Welcome to "Curt's Chalk Talk." The late game college funding series. I'm Curt Sheldon with C.L. Sheldon & Company, and today I'd like to talk to you about the GI Bill.
Now, the good thing about the GI Bill is they'll pay for pretty much 100% qualified tuition and bills. That's a good thing, but what we need to be concerned about is what happens if there are scholarships. And it has to do with your taxes.
Scholarships are tax free, if they're used for qualified tuition and fees. But if GI Bill already pays for full qualified tuition and fees for in state college, and your child gets a scholarship, that scholarship becomes taxable income. Now whether your child will actually have to pay taxes on, it depends on how big the scholarship is and how good the summer job is, but you'll want to think about this.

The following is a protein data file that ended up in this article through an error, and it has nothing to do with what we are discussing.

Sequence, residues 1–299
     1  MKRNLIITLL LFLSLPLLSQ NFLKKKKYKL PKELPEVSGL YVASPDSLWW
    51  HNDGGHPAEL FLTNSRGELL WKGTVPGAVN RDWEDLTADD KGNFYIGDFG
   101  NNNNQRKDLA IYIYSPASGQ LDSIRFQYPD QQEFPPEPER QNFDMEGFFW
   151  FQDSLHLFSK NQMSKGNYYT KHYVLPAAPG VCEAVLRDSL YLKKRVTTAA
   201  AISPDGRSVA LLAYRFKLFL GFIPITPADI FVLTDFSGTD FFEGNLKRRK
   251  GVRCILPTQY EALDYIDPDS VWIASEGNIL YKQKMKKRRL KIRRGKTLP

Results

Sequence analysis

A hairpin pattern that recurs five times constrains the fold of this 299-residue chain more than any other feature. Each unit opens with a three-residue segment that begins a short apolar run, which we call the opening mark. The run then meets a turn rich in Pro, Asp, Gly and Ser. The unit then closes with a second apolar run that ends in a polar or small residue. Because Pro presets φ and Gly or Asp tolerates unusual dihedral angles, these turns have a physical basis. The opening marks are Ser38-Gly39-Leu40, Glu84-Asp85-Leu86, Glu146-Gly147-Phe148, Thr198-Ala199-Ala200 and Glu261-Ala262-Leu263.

And if you have more than one child, you want to be very careful about how you split it up. Just don't go 50-50 if you have two kids, because you'll love them both the same. If one of them like Junior is not going to get any scholarships, then you might want to put 100 percent on the GI Bill towards him because his sister's pretty smart and she's going to get some scholarships. In any event you're going to want to think it through and make sure you don't turn tax free income into taxable income.
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